Officer Installation Ceremonies
Officer Installation Ceremonies
Structured ceremonies heighten awareness of the importance and effect of an occasion. A sample installation ceremony for officers can be found here.
Council installation can be a formal ceremony, can be more of a meeting atmosphere, or can be a personal reflection and future vision-sharing occasion. The goal is to celebrate the rite of passage from one leadership team to another. One of the council committees should have the responsibility of planning this event along with the adviser.
The time frame for officer installation varies for each school. Typically the council’s constitution stipulates the time of year for election of officers. The installation should hopefully take place while the current officer team is still in school so that they can turn over responsibilities to the newly elected officer team in a formal way.
To assist the planning committee in developing the ceremony itself, we offer the following outline of an optional ceremony with some suggestions and notes.
Planning an Officer Installation Event
The committee should research what events have been done in the past to see if a tradition has already been set for installation. If there has, the committee will need to use that as the starting point in planning. But remember, just because something has “always been done that way” doesn’t mean that it can’t be freshened up or modernized to fit the current school and council atmosphere.
Some of the following basic items of guidance are done in various types of installations.
1. Set time and place for event.
- Is the event to be an all school event, or an event only for council members and family
- Check council and school calendar for best time
- Book place for event determined by size needed
- Send out announcements or invitations to school participants and parents.
2. Develop program or agenda for event. Determine:
- Background music
- Slide or video presentation
- Candle passing ceremony from old to new officers
- Pin exchange from old to new officers or from principal to new officers
- Appropriate dress for the event–casual, business, or formal.
3. As with other committee projects, plan, schedule, and decorate, for the event.
4. Pre-ceremony considerations:
- Is the room ready, set-up and decorated, for your ceremony?
- Have your key program participants rehearsed their roles?
- Have the programs been developed and distributed for use?
5. Suggestions for the event:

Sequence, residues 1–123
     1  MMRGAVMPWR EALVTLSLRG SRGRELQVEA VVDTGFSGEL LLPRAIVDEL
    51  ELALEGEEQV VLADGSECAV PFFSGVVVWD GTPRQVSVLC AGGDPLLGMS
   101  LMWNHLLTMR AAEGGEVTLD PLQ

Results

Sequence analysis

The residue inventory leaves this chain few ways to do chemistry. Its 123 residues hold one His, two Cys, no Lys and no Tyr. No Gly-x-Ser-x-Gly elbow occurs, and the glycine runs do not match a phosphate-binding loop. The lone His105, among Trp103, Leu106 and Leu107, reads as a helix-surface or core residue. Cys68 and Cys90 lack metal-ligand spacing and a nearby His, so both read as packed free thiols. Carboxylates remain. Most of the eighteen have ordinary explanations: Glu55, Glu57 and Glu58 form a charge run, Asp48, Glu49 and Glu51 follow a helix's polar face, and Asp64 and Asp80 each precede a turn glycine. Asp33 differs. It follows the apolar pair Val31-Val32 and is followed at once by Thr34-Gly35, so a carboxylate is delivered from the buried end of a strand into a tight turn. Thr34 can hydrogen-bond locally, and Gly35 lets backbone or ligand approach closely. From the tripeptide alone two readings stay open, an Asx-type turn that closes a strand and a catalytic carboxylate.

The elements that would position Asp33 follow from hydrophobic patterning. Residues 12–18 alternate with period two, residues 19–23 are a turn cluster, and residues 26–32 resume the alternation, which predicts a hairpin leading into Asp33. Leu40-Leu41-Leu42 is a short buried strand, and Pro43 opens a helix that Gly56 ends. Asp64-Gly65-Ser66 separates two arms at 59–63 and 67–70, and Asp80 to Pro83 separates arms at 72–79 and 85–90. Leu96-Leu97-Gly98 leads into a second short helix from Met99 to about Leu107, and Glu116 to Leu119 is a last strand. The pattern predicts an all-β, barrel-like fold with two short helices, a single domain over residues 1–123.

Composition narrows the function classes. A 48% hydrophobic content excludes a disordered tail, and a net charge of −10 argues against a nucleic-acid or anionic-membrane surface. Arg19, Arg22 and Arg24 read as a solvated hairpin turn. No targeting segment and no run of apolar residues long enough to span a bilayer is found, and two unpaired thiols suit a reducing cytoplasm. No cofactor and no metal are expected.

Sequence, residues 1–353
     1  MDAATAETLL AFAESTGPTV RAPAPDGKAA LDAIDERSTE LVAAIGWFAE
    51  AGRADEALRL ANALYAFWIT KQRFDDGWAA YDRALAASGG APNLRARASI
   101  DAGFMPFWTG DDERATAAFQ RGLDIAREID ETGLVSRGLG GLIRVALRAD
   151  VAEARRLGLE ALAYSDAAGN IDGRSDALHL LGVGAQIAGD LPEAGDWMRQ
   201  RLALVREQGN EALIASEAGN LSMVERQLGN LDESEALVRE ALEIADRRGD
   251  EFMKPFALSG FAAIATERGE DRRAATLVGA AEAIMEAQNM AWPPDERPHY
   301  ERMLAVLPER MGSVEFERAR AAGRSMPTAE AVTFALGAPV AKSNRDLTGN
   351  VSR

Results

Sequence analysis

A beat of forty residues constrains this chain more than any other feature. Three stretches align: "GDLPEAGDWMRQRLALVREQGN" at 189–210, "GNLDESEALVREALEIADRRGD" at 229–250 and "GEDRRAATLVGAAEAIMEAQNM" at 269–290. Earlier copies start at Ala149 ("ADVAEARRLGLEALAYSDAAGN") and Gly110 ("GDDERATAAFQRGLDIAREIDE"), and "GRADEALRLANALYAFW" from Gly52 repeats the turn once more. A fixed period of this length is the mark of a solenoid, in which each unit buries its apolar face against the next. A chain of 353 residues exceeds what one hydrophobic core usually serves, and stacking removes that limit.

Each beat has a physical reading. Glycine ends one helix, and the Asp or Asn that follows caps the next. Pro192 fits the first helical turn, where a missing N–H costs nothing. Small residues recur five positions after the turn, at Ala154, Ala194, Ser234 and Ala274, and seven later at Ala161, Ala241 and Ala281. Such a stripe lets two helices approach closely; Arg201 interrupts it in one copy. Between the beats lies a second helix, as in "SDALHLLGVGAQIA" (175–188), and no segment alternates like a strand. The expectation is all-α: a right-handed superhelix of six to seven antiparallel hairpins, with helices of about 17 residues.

- Pre-ceremony entertainment: (Live or recorded music played five to ten minutes prior to the beginning of the program.
- Processional/entrance (Often cued from the stage or with special music; audience can be asked to stand while council participants and officers parade into the room.)
- Call to order by the master of ceremonies*, council adviser, or principal
- Invocation and/or welcome message (can be adviser or principal)
- Pledge of Allegiance
- Introduction of guest speaker
- Guest speaker
- Thank you to guest speaker
- Introduction to the next part of the ceremony, including a brief review of how these student officers were elected/selected and a review of the work of the council
- New officer installation: candle-lighting, certificate or pin presentation
It is best to write an agenda or script for the master of ceremonies, adviser or principal to use for this official installation. It should include the title of office, list of job responsibilities to be fulfilled, and name of outgoing and incoming officer.
- Council pledge (optional, your choice of pledge, samples attached or you can develop your own)
- Special awards or recognition: recognize outgoing officers
- Closing remarks (often done by the principal or the council adviser)
- Adjourn to post-installation reception
*Your master of ceremonies should be well rehearsed, fully aware of the timing and order of proceedings, and confident in tone and presentation while on stage.
6. Post-ceremony/recessional music or entertainment
- This can be a reception or a dinner and can include entertainment.
Here are some additional ideas for the installation event for your council:
- In the program, describe significant council projects or accomplishments from the past year either orally or in print, congratulating the project chair for their work.
- Recognize teachers on staff who are active participants with the student council; alternatively, identify an outstanding nonmember from the faculty.
- Compose and perform a council song; or have one of the council members sing the school’s alma mater, fight song, or other local melody.
- If a theme item is designated (star, torch, gavel, etc.), it can be duplicated to have one for each council member. Put a member name on each of the items and display around the room as part of the decorations and to recognize all council members. The members should be allowed to take home their own item at the end of the event.